I do not think that we have cherry-picked Lord Justice Jackson’s report. We have retained a certain hold-back on protecting clinical negligence claimants in the help that they will get. Lord Justice Jackson made 109 recommendations, and the Government are taking the reform of conditional fee agreements as a matter of priority because of the potential cost saving for the Government and others. He conducted a year-long review of current arrangements and considered the likely impact of these proposals. Much of the necessary data are held in private hands by lawyers and defendants in civil litigation. Data were provided during Sir Rupert’s review and further data were received by the Government during the consultation. The Government’s initial impact assessments were published alongside the consultation and comments were specifically sought on the assumption. A final impact assessment was published alongside the Government’s response. Our impact assessment shows that successful claimants in personal injury cases will generally end up in a similar position to now, although overall most will gain.
As the noble Lord said, the road traffic scheme, to which the noble Lord, Lord Young of Graffham, also referred in his report, seems to have been a considerable success, and we are examining ways of how it could be extended. On the impact on insurance it is difficult to be precise, but it is interesting that today the Association of British Insurers has issued a statement saying that it expects insurance costs to fall as a result of these reforms.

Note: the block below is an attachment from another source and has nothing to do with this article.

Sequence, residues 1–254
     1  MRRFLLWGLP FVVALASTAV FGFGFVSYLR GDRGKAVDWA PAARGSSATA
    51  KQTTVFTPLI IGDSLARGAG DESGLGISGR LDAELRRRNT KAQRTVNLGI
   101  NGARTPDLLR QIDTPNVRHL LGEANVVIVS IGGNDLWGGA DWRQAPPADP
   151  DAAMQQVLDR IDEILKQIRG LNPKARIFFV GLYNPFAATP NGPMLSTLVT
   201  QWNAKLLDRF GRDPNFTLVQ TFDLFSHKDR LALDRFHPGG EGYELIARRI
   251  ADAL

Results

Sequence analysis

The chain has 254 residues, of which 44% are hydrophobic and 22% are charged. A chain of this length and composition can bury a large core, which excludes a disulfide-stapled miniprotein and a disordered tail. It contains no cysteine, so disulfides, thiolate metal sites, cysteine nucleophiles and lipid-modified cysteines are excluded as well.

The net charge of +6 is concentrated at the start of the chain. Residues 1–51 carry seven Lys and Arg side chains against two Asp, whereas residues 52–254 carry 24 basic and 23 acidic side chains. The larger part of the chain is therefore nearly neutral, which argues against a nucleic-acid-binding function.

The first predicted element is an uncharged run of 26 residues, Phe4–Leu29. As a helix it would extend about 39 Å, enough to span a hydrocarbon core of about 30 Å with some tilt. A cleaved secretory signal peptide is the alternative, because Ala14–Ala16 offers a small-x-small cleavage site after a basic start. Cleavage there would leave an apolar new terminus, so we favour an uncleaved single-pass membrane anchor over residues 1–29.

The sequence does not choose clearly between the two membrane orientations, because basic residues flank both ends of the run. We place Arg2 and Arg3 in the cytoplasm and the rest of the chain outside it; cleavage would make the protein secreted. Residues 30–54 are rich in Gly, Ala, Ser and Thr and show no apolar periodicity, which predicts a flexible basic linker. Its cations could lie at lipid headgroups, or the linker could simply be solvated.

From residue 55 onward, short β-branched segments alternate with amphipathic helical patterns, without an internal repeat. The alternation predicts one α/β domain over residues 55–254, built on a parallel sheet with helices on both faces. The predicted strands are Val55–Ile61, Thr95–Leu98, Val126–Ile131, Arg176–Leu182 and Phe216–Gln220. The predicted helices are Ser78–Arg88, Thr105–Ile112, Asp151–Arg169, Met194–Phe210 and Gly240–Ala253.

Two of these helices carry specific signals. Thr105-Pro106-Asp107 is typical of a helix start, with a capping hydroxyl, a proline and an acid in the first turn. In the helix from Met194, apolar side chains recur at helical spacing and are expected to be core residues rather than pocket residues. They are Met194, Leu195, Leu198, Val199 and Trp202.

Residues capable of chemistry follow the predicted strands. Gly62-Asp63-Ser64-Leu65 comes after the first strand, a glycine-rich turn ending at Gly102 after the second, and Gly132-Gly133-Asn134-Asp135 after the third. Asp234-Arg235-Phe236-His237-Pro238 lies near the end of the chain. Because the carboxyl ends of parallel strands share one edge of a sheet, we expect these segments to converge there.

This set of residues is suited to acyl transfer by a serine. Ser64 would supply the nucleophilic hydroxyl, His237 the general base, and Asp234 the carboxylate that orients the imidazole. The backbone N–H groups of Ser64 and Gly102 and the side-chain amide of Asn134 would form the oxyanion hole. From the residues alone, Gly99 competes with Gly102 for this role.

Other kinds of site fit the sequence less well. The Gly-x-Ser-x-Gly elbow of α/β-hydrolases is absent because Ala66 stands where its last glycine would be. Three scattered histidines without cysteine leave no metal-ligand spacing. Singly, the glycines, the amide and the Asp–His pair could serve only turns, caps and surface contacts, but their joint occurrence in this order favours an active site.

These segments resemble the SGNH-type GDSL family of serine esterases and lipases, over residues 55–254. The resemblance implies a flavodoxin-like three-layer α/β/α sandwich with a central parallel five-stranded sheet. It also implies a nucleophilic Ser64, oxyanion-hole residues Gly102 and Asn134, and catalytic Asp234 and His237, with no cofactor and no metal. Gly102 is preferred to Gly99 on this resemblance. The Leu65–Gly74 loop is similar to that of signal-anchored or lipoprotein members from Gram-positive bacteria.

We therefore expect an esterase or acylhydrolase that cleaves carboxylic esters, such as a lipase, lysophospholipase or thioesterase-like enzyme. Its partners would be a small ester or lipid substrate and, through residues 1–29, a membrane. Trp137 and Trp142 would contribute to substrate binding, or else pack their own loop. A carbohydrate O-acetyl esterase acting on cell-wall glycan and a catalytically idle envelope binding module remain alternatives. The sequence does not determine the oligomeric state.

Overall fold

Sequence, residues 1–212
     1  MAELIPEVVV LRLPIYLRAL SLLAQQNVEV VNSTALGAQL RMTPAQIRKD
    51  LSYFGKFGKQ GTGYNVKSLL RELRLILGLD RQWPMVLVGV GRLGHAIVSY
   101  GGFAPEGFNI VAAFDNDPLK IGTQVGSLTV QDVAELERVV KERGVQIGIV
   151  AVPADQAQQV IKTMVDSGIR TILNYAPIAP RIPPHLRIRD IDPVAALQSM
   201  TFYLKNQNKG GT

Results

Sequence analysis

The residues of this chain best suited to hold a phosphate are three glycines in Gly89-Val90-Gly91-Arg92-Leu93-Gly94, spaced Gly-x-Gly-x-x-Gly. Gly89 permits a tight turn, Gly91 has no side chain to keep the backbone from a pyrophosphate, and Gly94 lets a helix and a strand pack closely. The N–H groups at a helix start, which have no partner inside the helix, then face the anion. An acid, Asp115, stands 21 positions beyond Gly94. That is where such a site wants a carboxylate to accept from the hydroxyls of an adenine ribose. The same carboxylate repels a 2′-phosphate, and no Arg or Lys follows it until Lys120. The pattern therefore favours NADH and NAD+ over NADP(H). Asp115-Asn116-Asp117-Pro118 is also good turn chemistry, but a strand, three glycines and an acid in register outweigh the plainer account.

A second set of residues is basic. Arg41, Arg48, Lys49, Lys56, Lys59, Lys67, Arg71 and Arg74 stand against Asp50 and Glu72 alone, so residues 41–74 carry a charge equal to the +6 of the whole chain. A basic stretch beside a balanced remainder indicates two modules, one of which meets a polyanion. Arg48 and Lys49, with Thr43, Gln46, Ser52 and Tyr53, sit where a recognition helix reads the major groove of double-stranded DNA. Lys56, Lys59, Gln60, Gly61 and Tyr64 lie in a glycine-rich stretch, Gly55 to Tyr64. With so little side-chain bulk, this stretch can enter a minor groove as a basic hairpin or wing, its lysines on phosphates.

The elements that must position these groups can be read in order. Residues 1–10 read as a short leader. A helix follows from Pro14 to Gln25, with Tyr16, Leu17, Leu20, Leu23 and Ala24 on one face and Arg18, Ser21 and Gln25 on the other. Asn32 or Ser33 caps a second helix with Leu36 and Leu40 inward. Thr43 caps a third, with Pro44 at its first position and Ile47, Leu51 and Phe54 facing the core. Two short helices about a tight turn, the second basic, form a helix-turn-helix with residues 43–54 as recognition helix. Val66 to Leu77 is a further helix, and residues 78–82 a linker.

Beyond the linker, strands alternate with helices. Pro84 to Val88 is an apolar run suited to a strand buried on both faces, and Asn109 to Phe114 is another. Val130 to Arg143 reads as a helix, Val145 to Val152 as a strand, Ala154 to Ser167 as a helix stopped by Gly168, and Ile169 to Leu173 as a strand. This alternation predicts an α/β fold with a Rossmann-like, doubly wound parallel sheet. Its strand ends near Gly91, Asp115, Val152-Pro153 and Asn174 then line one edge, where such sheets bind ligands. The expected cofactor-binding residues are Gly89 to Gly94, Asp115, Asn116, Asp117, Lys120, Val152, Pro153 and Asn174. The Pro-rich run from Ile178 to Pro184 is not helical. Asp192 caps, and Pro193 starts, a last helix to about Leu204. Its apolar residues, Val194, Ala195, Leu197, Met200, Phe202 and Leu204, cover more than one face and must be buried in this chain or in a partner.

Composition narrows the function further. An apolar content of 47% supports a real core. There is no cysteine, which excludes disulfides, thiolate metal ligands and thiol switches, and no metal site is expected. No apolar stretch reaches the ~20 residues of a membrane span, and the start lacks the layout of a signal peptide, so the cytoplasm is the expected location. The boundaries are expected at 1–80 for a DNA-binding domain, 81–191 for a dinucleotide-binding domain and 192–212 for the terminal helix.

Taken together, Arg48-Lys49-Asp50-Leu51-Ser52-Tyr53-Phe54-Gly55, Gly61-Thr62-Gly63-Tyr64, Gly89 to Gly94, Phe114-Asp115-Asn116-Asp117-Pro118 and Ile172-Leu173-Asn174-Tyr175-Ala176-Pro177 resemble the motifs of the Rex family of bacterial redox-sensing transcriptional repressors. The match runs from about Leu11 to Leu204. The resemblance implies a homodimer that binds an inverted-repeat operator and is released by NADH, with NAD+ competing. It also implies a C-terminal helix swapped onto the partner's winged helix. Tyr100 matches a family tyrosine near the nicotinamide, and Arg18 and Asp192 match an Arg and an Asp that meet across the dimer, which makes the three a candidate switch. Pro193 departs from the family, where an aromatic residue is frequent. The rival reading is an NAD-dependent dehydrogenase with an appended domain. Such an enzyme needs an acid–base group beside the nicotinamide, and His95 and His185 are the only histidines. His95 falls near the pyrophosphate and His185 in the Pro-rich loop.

Why should claimants pay? Claimants with meritorious claims will still be able to bring them. The Government believe that it is important that people with serious injuries should be able to receive compensation for negligence. That will continue. Indeed, the general damages for non-pecuniary loss, such as pain, suffering and loss of amenity, will be increased by 10 per cent under these proposals and there will be an incentive to reduce costs compared with now, such as improving incentives to settle. This will improve justice overall.
As the noble Lord will know, one of the main criticisms of the post-2000 operation of this scheme was that claimants had no real incentive to put a check on their legal costs on the assumption that they would never be responsible for it. The Government also believe that damage-based agreements will provide an additional method of funding for claimants. Like conditional fees, they are a type of no-win no-fee agreement under which lawyers are not paid if they lose a case but may take a percentage of the damages awarded to their client if their case is successful.